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Press Conference BY Department of Management on United Nations Assessed Contributions

Department of Public Information . News and Media Division . New York

14 October 2010

Recognizing that the global economic crisis had made it difficult for some Member States to hand over their contributions on time, the United Nations senior management official told correspondents today that the United States was responsible for 88 per cent of the outstanding $787 million in assessed contributions earmarked for the regular budget.

Angela Kane, Under-Secretary-General for Management, at her semi-annual briefing on the Organization’s financial situation, said four other Member States — Mexico, Chile, Venezuela and Iran — were responsible for another 9 per cent of the outstanding amount due to the Organization’s regular budget. Financial assessments and payments for this regular budget were lower in 2010 than in 2009, with assessments down by $332 million and payments down by $371 million.

She acknowledged the 13 Member States — Australia, Azerbaijan, Canada, Democratic Republic of the Congo, Denmark, Germany, Liechtenstein, Monaco, Netherlands, Singapore, Switzerland, South Africa and the United Republic of Tanzania — that had paid all their contributions in full as of 14 October.

United Nations Controller Jun Yamazaki later told reporters that the amounts owed to the United Nations regular budget by Mexico, Chile, Venezuela and Iran were $50 million, $9 million, $7 million and $5 million, respectively.

Outstanding contributions for the peacekeeping budget, which ran on a different cycle, tallied $3.2 billion as of this week, about $1.1 billion more than the tally outstanding at this time in 2009. She termed this “a bit of a concern”. But she later noted that the fiscal year of the United States Government began 1 October and the United Nations had recently received a large sum of money for peacekeeping. Peacekeeping assessments were greater this year as a result of a prior review of the scale of assessments and these newer and higher assessments had been issued earlier this year.

The United Nations budget for peacekeeping operations runs from 1 July to 30 June, rather than the regular budget year of 1 January to 31 December, and assessments are levied separately for each operation. As those assessments can be issued only through a mandate period approved by the Security Council, the assessments are made for different periods throughout the year.

Turning to the finances of the international tribunals for Rwanda and the former Yugoslavia, she said the amount outstanding was $50 million, about $13 million less than 2009. Meanwhile, about $1.4 million had been paid towards the $1.9 billion budget that the General Assembly approved for the Capital Master Plan in 2006.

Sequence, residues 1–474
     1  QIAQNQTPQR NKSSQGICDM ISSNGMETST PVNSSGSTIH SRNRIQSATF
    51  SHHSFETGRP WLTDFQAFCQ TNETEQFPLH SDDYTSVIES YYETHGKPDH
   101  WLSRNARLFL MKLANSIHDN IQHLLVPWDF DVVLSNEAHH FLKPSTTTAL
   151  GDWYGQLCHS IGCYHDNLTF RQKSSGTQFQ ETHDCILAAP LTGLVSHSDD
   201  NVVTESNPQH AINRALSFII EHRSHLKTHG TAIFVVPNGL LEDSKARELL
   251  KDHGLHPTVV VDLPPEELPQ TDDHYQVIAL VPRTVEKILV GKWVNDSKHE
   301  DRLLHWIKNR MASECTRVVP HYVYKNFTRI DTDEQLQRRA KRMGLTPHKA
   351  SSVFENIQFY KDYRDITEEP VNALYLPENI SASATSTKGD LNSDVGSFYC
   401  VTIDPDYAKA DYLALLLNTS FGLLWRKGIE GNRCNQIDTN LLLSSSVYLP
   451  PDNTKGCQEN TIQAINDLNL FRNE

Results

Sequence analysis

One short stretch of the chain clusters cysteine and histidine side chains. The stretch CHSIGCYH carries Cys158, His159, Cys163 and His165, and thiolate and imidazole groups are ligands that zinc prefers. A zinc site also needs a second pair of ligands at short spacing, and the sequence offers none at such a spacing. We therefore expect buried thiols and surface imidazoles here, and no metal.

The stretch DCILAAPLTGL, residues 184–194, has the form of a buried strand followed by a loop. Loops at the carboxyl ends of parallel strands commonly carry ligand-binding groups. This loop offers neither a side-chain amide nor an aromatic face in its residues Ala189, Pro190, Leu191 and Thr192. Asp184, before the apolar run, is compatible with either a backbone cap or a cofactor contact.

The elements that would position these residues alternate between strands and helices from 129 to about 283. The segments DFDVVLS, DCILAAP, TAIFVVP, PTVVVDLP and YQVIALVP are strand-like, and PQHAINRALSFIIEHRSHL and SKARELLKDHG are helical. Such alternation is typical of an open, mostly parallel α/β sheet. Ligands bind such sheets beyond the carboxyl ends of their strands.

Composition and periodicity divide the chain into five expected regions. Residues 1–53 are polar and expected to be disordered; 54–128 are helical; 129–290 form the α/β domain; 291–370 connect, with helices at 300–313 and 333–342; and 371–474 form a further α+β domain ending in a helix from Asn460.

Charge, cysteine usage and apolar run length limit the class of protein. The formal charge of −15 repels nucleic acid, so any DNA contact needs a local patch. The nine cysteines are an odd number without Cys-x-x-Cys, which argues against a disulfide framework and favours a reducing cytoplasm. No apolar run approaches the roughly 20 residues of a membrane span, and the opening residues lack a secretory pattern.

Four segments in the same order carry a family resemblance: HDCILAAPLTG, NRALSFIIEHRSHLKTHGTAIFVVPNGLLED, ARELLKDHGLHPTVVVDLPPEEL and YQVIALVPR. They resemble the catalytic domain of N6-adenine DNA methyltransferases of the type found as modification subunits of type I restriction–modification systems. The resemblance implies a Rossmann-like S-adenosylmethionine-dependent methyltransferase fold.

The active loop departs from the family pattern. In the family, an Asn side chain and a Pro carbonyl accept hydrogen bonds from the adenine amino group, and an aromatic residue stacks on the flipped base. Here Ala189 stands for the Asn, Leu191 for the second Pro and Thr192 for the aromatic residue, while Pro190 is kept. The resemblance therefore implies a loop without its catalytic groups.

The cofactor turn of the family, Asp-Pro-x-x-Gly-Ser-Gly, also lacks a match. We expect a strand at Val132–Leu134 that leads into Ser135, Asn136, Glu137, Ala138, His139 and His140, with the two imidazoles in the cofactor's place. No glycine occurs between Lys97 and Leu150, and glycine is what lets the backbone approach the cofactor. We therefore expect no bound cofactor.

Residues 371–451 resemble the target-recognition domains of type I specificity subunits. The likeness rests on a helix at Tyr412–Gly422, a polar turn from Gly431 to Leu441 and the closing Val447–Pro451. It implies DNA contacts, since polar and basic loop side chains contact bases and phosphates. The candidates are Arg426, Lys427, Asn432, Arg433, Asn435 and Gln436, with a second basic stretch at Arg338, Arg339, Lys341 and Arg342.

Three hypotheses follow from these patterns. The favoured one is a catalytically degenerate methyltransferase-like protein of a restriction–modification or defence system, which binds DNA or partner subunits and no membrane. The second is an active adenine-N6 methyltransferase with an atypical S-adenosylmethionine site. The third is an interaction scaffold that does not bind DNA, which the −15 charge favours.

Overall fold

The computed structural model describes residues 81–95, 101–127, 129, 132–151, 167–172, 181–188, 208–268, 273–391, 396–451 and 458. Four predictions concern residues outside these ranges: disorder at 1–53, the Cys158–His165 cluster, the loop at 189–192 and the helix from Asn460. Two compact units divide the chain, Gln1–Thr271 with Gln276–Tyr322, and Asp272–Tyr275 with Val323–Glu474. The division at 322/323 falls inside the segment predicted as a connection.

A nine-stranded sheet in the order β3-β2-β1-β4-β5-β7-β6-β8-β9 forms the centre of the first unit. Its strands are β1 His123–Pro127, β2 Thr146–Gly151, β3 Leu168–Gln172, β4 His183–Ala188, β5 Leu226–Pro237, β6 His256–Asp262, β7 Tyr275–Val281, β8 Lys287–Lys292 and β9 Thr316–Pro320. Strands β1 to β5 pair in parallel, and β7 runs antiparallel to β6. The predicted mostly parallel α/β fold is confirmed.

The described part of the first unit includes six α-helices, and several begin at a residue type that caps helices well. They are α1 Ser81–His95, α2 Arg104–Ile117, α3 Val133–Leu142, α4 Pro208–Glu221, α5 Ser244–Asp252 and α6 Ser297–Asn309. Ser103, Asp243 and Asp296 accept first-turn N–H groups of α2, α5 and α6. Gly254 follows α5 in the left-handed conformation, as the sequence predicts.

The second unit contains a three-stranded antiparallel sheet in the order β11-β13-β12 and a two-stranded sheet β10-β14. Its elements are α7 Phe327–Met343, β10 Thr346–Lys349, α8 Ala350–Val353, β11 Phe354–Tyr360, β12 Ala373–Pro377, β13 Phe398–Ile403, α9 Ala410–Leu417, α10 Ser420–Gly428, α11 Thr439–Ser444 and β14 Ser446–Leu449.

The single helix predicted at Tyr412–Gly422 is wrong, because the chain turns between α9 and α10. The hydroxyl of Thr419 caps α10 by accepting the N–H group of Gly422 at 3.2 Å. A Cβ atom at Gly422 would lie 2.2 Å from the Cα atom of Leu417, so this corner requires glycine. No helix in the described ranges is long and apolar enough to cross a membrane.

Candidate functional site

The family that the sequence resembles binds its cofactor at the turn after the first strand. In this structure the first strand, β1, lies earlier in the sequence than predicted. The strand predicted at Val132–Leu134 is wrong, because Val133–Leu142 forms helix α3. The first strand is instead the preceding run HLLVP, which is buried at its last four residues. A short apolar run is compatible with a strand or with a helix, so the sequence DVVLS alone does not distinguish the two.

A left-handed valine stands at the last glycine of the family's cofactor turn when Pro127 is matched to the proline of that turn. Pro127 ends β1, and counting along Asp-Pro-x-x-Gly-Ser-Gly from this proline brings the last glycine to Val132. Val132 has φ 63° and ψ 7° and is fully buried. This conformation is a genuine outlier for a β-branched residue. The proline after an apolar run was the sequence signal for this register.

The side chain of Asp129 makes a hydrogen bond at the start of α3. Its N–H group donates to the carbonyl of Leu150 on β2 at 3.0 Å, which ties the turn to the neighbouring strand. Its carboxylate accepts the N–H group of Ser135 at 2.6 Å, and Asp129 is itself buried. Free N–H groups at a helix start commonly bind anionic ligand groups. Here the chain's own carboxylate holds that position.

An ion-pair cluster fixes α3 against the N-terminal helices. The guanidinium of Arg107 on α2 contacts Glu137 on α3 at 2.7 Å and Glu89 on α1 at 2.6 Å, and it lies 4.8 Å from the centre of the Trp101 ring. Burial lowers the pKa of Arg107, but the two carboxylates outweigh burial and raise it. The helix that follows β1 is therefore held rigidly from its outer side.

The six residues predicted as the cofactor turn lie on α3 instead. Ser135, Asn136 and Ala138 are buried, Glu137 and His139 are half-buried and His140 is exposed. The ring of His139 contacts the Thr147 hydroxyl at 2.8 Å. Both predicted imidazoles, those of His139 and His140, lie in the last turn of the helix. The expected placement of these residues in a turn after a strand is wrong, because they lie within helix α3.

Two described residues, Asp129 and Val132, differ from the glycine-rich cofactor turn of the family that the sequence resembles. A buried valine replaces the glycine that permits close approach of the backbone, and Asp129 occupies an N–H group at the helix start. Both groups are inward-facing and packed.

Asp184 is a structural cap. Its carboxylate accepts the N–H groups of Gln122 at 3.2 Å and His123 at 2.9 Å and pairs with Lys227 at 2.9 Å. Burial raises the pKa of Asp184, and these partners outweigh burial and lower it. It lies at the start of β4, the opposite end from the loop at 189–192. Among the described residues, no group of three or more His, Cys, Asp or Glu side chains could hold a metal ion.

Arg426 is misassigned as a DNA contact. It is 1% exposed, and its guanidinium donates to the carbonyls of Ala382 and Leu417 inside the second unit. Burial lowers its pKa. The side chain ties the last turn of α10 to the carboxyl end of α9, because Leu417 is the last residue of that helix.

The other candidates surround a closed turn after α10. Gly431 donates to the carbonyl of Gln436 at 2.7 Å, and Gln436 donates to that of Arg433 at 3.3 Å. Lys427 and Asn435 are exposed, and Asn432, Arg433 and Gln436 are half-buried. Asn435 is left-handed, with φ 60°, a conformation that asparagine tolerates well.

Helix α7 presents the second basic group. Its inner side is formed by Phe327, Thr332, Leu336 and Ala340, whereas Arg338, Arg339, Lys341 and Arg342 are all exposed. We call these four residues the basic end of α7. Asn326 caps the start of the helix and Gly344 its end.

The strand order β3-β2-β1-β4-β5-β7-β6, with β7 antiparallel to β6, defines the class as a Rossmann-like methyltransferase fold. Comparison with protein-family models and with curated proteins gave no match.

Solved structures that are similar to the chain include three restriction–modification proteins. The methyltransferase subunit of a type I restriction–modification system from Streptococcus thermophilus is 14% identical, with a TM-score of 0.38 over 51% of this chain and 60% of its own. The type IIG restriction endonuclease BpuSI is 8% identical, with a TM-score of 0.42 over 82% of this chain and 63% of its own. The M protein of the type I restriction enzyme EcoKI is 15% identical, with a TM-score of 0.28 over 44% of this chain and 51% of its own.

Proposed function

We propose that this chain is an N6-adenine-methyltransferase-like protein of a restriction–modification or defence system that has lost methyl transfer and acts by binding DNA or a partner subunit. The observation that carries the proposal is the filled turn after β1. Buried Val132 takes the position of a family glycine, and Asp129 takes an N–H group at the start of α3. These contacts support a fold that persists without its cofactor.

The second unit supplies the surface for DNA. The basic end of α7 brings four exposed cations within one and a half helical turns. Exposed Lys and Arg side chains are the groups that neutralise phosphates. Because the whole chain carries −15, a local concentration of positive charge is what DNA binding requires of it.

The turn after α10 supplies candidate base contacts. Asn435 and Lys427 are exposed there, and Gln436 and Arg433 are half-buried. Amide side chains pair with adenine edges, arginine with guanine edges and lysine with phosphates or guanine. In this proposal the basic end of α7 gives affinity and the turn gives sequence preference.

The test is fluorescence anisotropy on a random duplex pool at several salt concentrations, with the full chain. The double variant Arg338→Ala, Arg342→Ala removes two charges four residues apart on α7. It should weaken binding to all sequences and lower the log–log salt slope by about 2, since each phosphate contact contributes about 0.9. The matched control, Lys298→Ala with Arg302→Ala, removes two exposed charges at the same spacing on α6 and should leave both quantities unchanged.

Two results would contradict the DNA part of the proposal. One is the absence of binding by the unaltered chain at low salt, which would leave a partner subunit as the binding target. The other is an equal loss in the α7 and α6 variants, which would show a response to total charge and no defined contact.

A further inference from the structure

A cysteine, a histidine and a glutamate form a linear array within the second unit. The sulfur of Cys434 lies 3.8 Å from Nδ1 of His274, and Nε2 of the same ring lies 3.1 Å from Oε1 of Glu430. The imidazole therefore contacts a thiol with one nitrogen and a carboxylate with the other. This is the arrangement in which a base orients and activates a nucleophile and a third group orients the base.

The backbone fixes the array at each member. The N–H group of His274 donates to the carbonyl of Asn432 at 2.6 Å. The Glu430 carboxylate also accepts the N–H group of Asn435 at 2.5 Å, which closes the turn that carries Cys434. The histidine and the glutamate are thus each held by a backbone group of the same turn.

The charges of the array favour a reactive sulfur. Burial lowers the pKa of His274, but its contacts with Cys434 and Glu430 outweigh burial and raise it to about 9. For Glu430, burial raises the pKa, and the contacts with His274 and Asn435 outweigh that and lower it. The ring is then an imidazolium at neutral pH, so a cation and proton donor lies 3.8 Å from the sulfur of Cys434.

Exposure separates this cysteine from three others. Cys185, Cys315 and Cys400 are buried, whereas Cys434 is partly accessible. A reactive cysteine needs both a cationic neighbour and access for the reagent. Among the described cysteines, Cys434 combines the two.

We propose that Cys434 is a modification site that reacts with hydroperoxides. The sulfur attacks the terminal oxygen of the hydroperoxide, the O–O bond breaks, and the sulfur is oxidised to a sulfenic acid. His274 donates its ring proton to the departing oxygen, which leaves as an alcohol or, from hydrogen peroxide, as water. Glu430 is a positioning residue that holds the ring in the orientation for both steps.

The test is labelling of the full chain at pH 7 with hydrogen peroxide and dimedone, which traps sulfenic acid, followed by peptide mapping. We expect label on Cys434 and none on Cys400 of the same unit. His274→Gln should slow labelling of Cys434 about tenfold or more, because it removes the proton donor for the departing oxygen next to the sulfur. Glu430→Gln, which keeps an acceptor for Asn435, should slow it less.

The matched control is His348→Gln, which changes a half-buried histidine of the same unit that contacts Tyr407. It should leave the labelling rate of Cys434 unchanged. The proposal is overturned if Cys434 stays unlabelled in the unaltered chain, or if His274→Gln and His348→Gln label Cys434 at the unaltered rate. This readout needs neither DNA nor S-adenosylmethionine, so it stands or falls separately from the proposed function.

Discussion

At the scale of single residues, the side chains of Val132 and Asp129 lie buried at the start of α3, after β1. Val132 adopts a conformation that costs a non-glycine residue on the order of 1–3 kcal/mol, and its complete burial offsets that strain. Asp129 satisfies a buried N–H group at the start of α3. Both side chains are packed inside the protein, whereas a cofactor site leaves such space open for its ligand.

“What it means is that the financial indicators are mixed,” said Ms. Kane, adding that $4.1 billion in Member States’ overall contributions currently remained outstanding and the year-end picture would depend on incoming contributions. “We will take stock at that time,” she added.

In response to a reporter’s question, Mr. Yamazaki said the overall unpaid contributions of the United States amounted to $1.2 billion. This enveloped $691 million for the regular budget, $431 billion for peacekeeping operations, $34 million for the tribunals, and $75 million for the Capital Master Plan. He added that some countries had different budget cycles than the United Nations and were not yet in a position to make their payments.

Answering another question, on security for the perimeters of the New York Headquarters property, Ms. Kane said United Nations officials had held intensive consultations with host country officials from New York and Washington, D.C. Security inside the compound was the responsibility of the United Nations while the host country was responsible for security at its perimeter.

To a question on the notification system used for Member States that had fallen behind in their contributions, Mr. Yamazaki said that, at the beginning of the year the Missions received a letter with an invoice stating their annual assessment. They were also reminded of late payments when United Nations officials presented the figures to the Assembly twice a year. Ms. Kane added that if a State fell behind in its payment and was close to losing its ability to vote in the Assembly, a reminder was issued to the particular State, as well as to all Member States.

Ms. Kane responded to questions about reported malfunctions with Inspira, the United Nations new career portal system, by saying that any new software system, unless it was purchased off the shelf, would encounter glitches. The glitches with Inspira had been and were being addressed. Galaxy, the previous career portal system, was still in use for peacekeeping operations.

In response to the same reporter’s question on “the buzz” that the Inspira system was prejudiced against external candidates, and that the review system “reeked of cronyism”, Ms. Kane said she was not aware of the system being prejudiced. The system did not differentiate between internal and external candidates. There could not be cronyism as the system was agnostic, she added. The applications were the same for internal and external candidates.

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For information media • not an official record



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